Chania, Crete Travel Diary
Updated: Sep 2, 2019
I got to travel to Chania, Crete last summer with my in-laws on our way back from a family destination wedding in Cyprus. A short and inexpensive flight from Paphos, my husband and I originally planned to stop here on our way home after the wedding and invited my in-laws to join us. Luckily they accepted, because my husband ended up not being able to go due to switching jobs a couple of weeks before the wedding. Still, the three of us got to enjoy four relaxing days exploring this seaside town, and it was awesome to have this quality time with my parents in-law to settle more into my role as a new daughter after years of being the girlfriend/fiancé.
Chania is situated on the northwestern coast of Crete, and its old town, where we stayed, extends concentrically, narrow street by narrow street, out around its famed Venetian harbor. While we were there in July the city was bathed in sunshine every day and enjoyed gorgeous, moody sunsets each evening.
Our trip started with our taxi dropping us off just outside of old town, in which you need a permit to drive. Upon stepping foot on the first street I was completely charmed by the neighborhood. Citrusy and pastel colors are abundant, as are off leash dogs, thriving curbside potted plants, and locals sitting and chatting at round two-tops casually set up beside doorways. Though Chania attracts its share of tourists, the side streets in old town don’t all feel touristy. I could live here, I think, as I always do at some point on most trips.
Our hotel was a lovely blush colored villa tucked in one such quiet area. Only a couple minutes’ walk to the busy waterfront area, it truly was a hidden gem. Crossing through the gate was like walking into a mini secret garden. Worn tiles, big canvas umbrellas, plants and vines. The hotel even has two patios: a rooftop one and a mid-height, trellised one. My room was on the third level, so opening my shuttered windows allowed for a nice breeze and a view of the courtyard and down the street. I so wish my husband could have seen this place. Seldom have I been almost as excited about the lodging as getting out there to explore the part of the world that brought us to book the room.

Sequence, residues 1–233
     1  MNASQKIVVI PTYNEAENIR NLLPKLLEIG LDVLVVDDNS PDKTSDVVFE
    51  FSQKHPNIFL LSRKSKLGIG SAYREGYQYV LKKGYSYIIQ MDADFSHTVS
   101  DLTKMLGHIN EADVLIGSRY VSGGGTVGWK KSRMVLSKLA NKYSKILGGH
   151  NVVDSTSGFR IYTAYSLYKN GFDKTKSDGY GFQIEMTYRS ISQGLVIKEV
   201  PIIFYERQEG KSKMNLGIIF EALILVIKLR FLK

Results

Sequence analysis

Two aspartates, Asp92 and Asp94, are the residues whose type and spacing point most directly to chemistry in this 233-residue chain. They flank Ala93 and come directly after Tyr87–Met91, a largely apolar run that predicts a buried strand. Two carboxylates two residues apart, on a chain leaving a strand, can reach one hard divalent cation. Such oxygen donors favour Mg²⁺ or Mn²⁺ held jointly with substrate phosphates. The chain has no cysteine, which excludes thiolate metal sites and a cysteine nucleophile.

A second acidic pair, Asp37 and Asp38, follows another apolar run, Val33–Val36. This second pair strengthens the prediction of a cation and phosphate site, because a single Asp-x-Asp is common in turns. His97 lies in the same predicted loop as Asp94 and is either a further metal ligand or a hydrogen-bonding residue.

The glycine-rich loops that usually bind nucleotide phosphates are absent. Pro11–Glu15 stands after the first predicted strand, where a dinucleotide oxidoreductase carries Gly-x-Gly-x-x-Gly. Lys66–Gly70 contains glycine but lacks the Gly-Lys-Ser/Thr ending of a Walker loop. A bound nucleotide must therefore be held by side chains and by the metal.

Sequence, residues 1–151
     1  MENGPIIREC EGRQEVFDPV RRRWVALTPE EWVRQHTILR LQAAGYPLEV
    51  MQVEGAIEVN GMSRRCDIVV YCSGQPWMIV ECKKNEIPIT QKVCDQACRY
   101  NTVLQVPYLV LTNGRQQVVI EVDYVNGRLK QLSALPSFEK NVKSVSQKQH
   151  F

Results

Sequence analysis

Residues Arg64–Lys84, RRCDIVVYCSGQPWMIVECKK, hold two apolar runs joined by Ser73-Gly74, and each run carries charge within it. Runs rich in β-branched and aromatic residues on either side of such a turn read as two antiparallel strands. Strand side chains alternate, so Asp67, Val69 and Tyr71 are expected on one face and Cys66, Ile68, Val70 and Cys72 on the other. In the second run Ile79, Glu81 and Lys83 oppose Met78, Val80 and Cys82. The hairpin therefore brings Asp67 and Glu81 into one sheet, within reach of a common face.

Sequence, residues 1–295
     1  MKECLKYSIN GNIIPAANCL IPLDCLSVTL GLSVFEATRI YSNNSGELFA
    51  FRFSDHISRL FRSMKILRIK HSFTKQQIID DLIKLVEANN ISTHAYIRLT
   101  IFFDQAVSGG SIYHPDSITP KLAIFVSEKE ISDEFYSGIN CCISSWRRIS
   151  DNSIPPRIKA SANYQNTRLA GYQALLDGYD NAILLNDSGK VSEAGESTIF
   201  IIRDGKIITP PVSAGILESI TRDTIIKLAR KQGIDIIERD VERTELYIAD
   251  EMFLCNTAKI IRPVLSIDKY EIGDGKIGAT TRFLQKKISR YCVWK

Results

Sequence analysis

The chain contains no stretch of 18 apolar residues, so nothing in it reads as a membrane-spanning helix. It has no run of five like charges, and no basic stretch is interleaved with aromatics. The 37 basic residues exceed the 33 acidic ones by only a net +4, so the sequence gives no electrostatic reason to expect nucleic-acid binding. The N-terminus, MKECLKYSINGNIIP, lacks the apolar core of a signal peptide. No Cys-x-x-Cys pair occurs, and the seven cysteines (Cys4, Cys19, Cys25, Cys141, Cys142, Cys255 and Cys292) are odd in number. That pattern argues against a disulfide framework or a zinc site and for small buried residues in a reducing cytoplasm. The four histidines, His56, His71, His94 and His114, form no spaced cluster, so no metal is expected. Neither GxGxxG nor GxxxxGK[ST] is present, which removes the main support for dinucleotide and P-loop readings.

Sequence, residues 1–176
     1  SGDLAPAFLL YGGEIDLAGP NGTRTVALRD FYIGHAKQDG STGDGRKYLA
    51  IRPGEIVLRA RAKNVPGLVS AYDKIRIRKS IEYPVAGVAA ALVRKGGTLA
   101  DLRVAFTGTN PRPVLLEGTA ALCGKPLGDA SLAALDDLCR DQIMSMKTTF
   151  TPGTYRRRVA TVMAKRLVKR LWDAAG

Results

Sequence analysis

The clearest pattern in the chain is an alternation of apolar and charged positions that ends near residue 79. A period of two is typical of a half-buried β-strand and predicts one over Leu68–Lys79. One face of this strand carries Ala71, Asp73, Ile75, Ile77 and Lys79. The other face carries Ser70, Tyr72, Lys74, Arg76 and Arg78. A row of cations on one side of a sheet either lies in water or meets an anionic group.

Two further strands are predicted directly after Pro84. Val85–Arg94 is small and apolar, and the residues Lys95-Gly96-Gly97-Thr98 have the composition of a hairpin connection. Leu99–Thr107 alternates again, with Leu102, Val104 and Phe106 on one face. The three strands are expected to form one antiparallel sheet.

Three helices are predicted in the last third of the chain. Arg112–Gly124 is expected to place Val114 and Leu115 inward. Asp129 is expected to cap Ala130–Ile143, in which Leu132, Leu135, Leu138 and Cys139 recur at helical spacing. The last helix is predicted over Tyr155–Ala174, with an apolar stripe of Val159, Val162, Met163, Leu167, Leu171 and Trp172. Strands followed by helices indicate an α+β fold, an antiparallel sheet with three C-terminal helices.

The Venetian Harbor
We spent some portion of each day of our visit at the waterfront. I think it’s ingenious, the semicircular design that allows you to see all of the goings-on during the day. Benches facing the water are set up right at the edge of the harbor, which is sometimes just a couple of feet above the water’s surface. When the tide is choppy seawater crashes up over the side, over the benches, and onto the pavement, and people just go about their business hustling patrons into restaurants, fishing, drawing portraits. Imagine sitting on one of those benches, coffee in hand, sun on your face, and starting each day gazing out past the lighthouse and toward the sea.
As night falls and light spills out of doorways and twinkles under awnings and from table top candles, you can look across the way and it feels as if you’re observing a lively open air party from wherever you stand. It fills the evenings with a sense of possibility because joining any scene is just a matter of going around the bend. How wonderful and magical is that?
One layer out from the water and you immediately feel how condensed life once was there. The streets in old town are narrower than the yawning harbor would have you expect, but stretch out as you walk farther outward with some welcome squares dotted here and there.
There’s incredible interconnectedness in the way the structures are laid out. You can enter a cafe from the waterfront main entrance and leave out of the back door, slipping onto a tiny quiet street of shops. There are plenty of interesting artisan jewelry and ceramics shops all over, providing ample opportunities to discover something special to take home for yourself or as a gift.